9. 9. GIF format The GIF name is a acronym for Graphics Interchange Format, and was firstintroduced by Compuserve in 1987. This is a popular format next to the JPEGformat and is still used on Web pages today. Digital cameras, however, don’t usethis format because it only supports 256 colours.There are currently two versions of GIF in use: GIF87a (the original version) andGIF89a. The GIF89a version supports multiple images in stream which allowsyou to create animated GIF images.Advantages – One advantage to a GIF is that it uses lossless compression tomake an image smaller. This means that no image information is lost duringcompression. It also has the advantage of making one of the colours in the imagetransparent to allow the background to show through. As mentioned earlier, youcan create simple animations by combining multiple images into a single GIF89afile.Disadvantages – The biggest disadvantage for the GIF file format is that it onlysupports 256 colours, which isn’t nearly enough for a digital photo. This meansthat GIF files are restricted to sharp-edged line art (such as logos) that have alimited number of colours.
  10. 10. JPEG formatThis is perhaps the most popular file format used for digital pictures, especially now that all digitalcameras store their pictures in this format. Similar to GIF, JPEG is also an acronym for JointPhotographic Experts Group. This group was first formed in 1986, issued a standard in 1992,which was approved in 1994.Unlike the GIF file format, the JPEG format can compress images that contain up to 16.7 millioncolours. This is more than enough for a digital photo. Besides the number of colours, anotherdifference between the GIF format and the JPEG format is the type of compression used. While a GIFuses a lossless compress, a JPEG file is compressed using a lossy compression algorithm. This meansthat each time you save a JPEG file, it loses more information.Digital cameras may also have the ability to save a picture in the RAW format. This format, however,is a proprietary format that is different between cameras manufacturers, so it isn’t used at all on theInternet. For more information about the JPEG and RAW file formats, please read JPEG or RAWFormat.Advantages – The biggest advantage is the ability to save a digital photo in a very small size (inbytes). Another advantage is that it can save an image that includes up to 16.7 million colours,which is more than enough for a digital picture. It is a very popular format for those two reasonsalone.Disadvantages – The biggest disadvantage is that the compression used in a JPEG image is lossy.Each time you save a JPEG image, the more data you lose. Another disadvantage is that if youcompress an image too much, you will get JPEG "artifacts". These look like distorted sections of theimages, usually looking like squares. You should minimize the amount of compression of the image,while at the same time managing the size of the file, to reduce these artifacts.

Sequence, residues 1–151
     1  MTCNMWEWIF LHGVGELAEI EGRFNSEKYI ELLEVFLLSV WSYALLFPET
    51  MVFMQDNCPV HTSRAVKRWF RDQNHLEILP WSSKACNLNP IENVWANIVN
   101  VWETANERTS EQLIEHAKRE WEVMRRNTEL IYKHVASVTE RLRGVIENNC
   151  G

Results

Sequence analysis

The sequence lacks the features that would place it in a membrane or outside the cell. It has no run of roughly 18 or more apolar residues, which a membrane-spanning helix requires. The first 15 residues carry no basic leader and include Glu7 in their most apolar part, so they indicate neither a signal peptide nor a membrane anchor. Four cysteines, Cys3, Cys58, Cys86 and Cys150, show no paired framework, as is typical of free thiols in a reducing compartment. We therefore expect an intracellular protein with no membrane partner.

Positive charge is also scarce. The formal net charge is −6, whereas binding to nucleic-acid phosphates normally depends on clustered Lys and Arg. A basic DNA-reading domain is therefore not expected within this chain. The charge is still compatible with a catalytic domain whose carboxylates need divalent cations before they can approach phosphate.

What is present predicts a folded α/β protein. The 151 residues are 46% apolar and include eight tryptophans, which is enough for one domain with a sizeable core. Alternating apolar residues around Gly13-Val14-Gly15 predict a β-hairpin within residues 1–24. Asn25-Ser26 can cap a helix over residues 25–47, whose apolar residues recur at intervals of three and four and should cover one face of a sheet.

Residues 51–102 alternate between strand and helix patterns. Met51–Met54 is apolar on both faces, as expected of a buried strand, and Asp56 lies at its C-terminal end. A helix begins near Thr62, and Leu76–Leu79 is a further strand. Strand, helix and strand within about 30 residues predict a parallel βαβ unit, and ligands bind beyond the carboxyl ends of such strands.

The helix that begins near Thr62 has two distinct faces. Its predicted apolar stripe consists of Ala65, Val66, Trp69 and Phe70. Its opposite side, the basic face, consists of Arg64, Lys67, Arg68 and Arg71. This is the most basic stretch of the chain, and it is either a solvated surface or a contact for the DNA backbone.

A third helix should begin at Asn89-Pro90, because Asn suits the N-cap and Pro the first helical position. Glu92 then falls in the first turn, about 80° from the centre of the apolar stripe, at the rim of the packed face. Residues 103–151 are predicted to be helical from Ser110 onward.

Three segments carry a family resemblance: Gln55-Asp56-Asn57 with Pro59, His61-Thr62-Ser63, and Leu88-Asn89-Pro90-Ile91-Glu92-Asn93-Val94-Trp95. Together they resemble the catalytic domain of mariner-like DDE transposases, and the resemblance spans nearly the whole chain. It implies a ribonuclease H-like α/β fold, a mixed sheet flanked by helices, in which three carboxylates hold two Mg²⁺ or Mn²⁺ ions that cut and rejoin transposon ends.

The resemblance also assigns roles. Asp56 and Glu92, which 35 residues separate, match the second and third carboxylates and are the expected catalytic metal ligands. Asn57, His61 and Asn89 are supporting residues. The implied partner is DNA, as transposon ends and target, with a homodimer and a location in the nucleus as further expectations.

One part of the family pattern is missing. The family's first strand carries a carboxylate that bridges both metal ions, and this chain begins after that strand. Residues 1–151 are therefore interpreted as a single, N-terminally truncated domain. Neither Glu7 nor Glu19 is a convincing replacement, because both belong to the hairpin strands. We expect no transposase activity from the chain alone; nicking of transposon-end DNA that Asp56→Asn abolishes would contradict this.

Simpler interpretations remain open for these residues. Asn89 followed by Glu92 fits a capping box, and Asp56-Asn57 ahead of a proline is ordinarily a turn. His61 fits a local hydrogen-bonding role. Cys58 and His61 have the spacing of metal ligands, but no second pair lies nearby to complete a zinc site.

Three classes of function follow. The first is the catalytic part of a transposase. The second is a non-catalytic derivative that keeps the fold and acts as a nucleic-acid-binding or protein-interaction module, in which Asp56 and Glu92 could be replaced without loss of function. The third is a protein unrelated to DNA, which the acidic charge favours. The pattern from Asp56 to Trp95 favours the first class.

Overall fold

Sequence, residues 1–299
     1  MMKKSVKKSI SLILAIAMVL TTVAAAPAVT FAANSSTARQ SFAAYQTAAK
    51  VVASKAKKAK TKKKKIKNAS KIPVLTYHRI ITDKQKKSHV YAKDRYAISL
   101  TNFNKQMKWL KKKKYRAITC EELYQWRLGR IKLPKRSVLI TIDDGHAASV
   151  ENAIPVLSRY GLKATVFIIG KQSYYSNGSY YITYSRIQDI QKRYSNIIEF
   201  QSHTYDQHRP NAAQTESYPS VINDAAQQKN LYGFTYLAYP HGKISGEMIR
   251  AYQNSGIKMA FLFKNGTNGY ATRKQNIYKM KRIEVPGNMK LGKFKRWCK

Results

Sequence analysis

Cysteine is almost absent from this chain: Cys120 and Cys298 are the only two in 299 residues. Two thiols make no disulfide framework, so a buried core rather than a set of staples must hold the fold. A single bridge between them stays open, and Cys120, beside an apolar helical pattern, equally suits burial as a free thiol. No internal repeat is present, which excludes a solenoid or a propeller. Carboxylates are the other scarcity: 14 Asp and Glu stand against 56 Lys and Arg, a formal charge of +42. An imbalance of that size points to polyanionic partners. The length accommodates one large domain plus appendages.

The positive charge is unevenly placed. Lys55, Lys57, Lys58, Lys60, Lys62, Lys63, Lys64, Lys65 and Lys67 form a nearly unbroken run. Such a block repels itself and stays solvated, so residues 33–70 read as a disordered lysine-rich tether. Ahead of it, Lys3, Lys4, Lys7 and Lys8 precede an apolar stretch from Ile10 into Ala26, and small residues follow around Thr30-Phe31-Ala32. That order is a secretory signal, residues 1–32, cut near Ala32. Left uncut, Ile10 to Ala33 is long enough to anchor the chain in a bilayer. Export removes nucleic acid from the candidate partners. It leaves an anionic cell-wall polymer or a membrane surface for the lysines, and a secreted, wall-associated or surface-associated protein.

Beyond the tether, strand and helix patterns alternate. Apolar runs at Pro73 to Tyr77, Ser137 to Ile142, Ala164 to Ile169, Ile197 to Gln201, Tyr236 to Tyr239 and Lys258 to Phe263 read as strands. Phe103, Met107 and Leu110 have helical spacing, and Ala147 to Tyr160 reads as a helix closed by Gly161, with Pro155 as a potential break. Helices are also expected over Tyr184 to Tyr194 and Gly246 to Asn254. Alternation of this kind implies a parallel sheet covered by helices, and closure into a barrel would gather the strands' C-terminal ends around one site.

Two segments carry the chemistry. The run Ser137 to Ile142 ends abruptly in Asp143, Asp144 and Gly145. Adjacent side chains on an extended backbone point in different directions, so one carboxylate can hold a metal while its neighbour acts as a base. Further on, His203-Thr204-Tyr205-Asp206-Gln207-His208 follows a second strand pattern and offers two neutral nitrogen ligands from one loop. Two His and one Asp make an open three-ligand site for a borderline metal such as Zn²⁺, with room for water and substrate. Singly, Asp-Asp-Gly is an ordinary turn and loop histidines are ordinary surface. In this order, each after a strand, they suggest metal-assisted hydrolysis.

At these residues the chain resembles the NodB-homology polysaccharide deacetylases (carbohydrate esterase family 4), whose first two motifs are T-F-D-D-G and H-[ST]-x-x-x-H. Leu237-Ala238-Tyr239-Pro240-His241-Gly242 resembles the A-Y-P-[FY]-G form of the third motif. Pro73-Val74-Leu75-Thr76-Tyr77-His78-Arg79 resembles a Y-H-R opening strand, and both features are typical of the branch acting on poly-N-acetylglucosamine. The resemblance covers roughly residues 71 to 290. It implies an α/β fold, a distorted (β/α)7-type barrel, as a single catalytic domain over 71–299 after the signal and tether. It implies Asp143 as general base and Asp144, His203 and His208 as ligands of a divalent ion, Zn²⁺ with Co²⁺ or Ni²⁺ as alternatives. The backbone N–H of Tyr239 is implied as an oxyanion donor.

11. 11. TIFF formatAs with many names in the computer world, the TIFF name is also an acronym. TIFF isshort for Tagged Image File Format. This a very popular format for archiving digitalphotos, mainly because it is widely supported by most image editing programs acrossmany different operating systems.Similar to the JPEG format, it supports 24-bit (16.7 million) colours. You can even saveup to 48-bits of colour information within the file. The trade off is the file size. While JPEGfiles are compressed, TIFF files are generally uncompressed, which results in very largefile sizes. You can, however, compress TIFF files but not to the same size of JPEGs.Advantages – Since the TIFF file format is supported by pretty much all image editors onmany different operating systems, it is the first choice for archiving digital photos. SinceTIFFs don’t use compression, at least by default, you can continuously save a TIFF file andnever lose any information. When editing photos, it is best to first save the file in a TIFFformat during editing, and then JPEG once your are finished.Disadvantages – The biggest disadvantage for a TIFF file is the size. Compared to JPEGs,TIFF files are enormous. Depending on the bit depth (24 or 48) you are talking 100MB+for a single file. Although, with the size of hard drives and DVDs it will be worth it to saveyour photo archives in the TIFF format. d
  12. 12. referenceshttp://bgis.sanbi.org/gis-primer/page_19.htmhttp://technicallyeasy.net/2007/09/overview-of-various-image-file-formats/http://wiki.arcadecontrols.com/wiki/Raster_versus_Vector_artworkhttp://www.signindustry.com/computers/articles/2004-11-30-DASvector_v_raster.php3